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Coming from C++, I'm used to be able to build simple forms of compile-time assertions, where I could emit warnings or errors during compilation if some simple conditions (e.g. over simple algebraic expressions) weren't met via use of template meta-programming and/or cpp(1)

For instance, if I wanted to make sure my program compiles only when Int has at least a certain minBound/maxBound range or alternatively, if a loss-free (as in reversible) conversion from Int64 to Int is possible with the current compilation target. Is this possible with some GHC Haskell extension? My first guess would have been to use TH. Are there other GHC facilities that could be exploited to this end?

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3  
(Un)fortunately, there are no dependent types in Haskell, which would have been great for this purpose (but which would likely require you put many more type annotations). –  Alexandre C. Jul 11 '11 at 10:27
    
@Alexandre: Sounds interesting... Could you elaborate on how dependent types could be used to, say, determine whether Int64 fits into an Int at compile-time? –  hvr Jul 11 '11 at 10:34
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@hvr: you can use an Int lo hi type when lo and hi are bounds on the integer. Now, eg. (+) has type Int l1 h1 -> Int l2 h2 -> Int (l1 + l2) (h1 + h2). –  Alexandre C. Jul 11 '11 at 10:44
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For the minBound/maxBound check you can also use a configure script. –  Mikhail Glushenkov Jul 11 '11 at 10:49
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I don't know if you can use it for this purpose, but GHC allows you to run the C preprocessor over your Haskell code with the -XCPP flag (or {-# LANGUAGE CPP #-} directive). –  Antal S-Z Jul 11 '11 at 14:27

2 Answers 2

up vote 5 down vote accepted

Here's a generalized and slightly simplified version of Anthony's example:

{-# LANGUAGE TemplateHaskell #-}
module StaticAssert (staticAssert) where

import Control.Monad (unless)
import Language.Haskell.TH (report)

staticAssert cond mesg = do
    unless cond $ report True $ "Compile time assertion failed: " ++ mesg
    return [] -- No need to make a dummy declaration

Usage:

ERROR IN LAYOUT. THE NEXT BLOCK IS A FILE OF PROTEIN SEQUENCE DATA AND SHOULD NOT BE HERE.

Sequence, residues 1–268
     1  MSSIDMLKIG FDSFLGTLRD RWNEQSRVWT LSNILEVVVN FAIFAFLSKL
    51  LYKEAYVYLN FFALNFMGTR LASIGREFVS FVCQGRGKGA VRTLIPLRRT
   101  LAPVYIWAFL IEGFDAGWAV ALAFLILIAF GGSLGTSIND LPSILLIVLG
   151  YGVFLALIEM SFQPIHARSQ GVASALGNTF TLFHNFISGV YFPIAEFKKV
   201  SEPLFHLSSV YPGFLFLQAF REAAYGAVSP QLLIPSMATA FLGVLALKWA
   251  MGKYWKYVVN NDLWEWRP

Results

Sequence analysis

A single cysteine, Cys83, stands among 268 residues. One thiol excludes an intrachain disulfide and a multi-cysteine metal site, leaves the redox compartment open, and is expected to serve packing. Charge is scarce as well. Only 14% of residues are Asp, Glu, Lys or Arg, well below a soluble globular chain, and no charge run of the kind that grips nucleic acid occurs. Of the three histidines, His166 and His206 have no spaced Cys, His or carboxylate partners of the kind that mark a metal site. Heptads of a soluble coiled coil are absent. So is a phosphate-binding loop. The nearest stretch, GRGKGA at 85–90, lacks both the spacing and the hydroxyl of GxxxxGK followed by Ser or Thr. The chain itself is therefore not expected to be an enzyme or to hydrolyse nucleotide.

{-# LANGUAGE TemplateHaskell #-}
import StaticAssert

$(staticAssert False "Not enough waffles")
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This is indeed a refinement of my noodling around with TH! –  Anthony Jul 11 '11 at 18:55
    
Thanks to you both, @hammar and @Anthony. The required TH-voodoo looks easier than I expected :-)... btw, why do you use the $( .. ) syntax? isn't that optional for top-level TH invocations? –  hvr Jul 11 '11 at 20:04
    
@hvr: Yes, though I like to use it anyway to make it easier to mentally separate the TH from normal code. –  hammar Jul 11 '11 at 20:08
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Even if it's optional, it's way clearer to use the splice syntax uniformly. –  Carl Jul 11 '11 at 20:11
    
@Carl makes a very good point. Haskell's macro culture is still nascent, so we need to tread lightly to avoid brutalizing what prettiness we currently have. –  Anthony Jul 12 '11 at 0:19

Using TH for this isn't too bad. Here is a module that defines the desired assertion as part of a vestigial declaration:

{-# LANGUAGE TemplateHaskell #-}
module CompileTimeWarning where
import Control.Monad (unless)
import Data.Int (Int64)
import Language.Haskell.TH

assertInt = let test = fromIntegral (maxBound::Int) == (maxBound::Int64)
            in do unless test $ report True "Int is not safe!"
                  n <- newName "assertion"
                  e <- fmap NormalB [|()|]
                  return $ [FunD n [Clause [] e []]]

Using the assertion involves a top-level declaration that isn't used for anything other than the assertion:

{-# LANGUAGE TemplateHaskell #-}
import CompileTimeWarning
$(assertInt)
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